A rabbi and an imam walk into a bookstore. That may sound like the first line of a joke, but these aren’t any old rabbi and imam, and they’re not joking around.
Rabbi Marc Schneier, the prominent Hampton Synagogue founder and Imam Shamsi Ali, former leader of the Islamic Cultural Center, a major Manhattan mosque, have joined forces to reclaim the original relationship of Judaism and Islam: brotherhood. In their book “Sons of Abraham: A Candid Conversation About the Issues That Divide and Unite Jews and Muslims,” Schneier and Ali offer their opinions on what Jews and Muslims need to accept if they hold any hope of future friendship.
They propose that focus be placed on the theological commonalities between the two communities, rather than on current political tensions and media-generated scandals. It could work; after all, it took a theological convention (Vatican II, in 1965, when the pope absolved Jews of the murder of Jesus) to overhaul the Jewish-Christian relationship. The problem is that these two individuals — both controversial figures who have upset their own communities — might themselves be a little too fiery to succeed.
I met the rabbi and imam at a Barnes & Noble on Manhattan’s Upper West Side, where they were promoting their book. Schneier and Ali make an odd couple; they’re the Timon and Pumbaa of interfaith, if you will. Ali, a diminutive Indonesian man sporting a lime green shirt and a mustache, clasps his fingers together in concentration. Schneier is badger-like, with a hefty frame and a confident demeanor.
But as Schneier insisted in an interview after the event, “You have to understand, there’s method to our madness… Many people believe that the source of the conflict between Muslims and Jews is the current rift in the Middle East. I disagree.”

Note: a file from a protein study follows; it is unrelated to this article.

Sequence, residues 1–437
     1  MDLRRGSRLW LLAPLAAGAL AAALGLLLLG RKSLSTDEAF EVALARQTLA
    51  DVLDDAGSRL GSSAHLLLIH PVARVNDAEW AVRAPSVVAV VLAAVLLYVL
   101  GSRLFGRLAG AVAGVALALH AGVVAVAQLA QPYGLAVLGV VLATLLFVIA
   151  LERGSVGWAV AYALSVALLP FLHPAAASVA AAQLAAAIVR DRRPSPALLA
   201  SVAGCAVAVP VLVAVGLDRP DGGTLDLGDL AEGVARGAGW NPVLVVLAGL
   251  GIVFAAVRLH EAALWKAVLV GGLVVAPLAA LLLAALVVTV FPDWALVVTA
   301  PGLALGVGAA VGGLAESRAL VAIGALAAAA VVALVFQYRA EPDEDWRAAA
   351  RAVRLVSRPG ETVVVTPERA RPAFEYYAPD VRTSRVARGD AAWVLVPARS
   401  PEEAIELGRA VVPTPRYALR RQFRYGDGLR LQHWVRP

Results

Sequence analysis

In reality, the “terrible mistrust between [the] two peoples” is rooted in centuries-old misunderstandings of the other’s basic religious tenets, he says. The issue is more than semantic, because “not only do we share a common faith, but we share a common fate,” which makes this an “existentialist issue” for Judaism and Islam. “When an agreement is reached between Israel and Palestine, how will that treaty be executed? How will it be implemented when the majority of Jews don’t trust Muslims and the majority of Muslims don’t trust Jews?”
Ali outlines four factors that fuel this interreligious suspicion. The first is the media, which “inflame[s] hatred and anger” by jumping on negative news stories; next, the politicization of religion, whereby influential leaders manipulate religious beliefs for their own political purposes; and lastly misreadings of history that place more attention on “dark spots” than on times of peace. But Ali believes the most pernicious is the fourth factor, the misunderstanding of religious texts.
To address these, Schneier and Ali take alternate chapters in the book to slash common misconceptions about their respective religions. For example, Ali says the Jewish idea of the chosen people is particularly divisive for Muslims. It wasn’t until Schneier explained to him that Judaism sees chosenness as a responsibility rather than superiority that Ali realized Islam has a near-identical concept.
“It really struck me when the rabbi explained the meaning of chosen that it’s exactly what we [in Islam] understand as ‘the best nation,’” or kheir ummah, the concept of a group of individuals living as a shining example of God’s will to others, he said. The word translated as “best” even comes from the linguistic root of the Arabic word for “chosen.” It’s important for Muslims to realize this similarity, Ali believes, because the common misunderstanding of Jewish chosenness “has been the source of many poisons in the minds of Muslims.”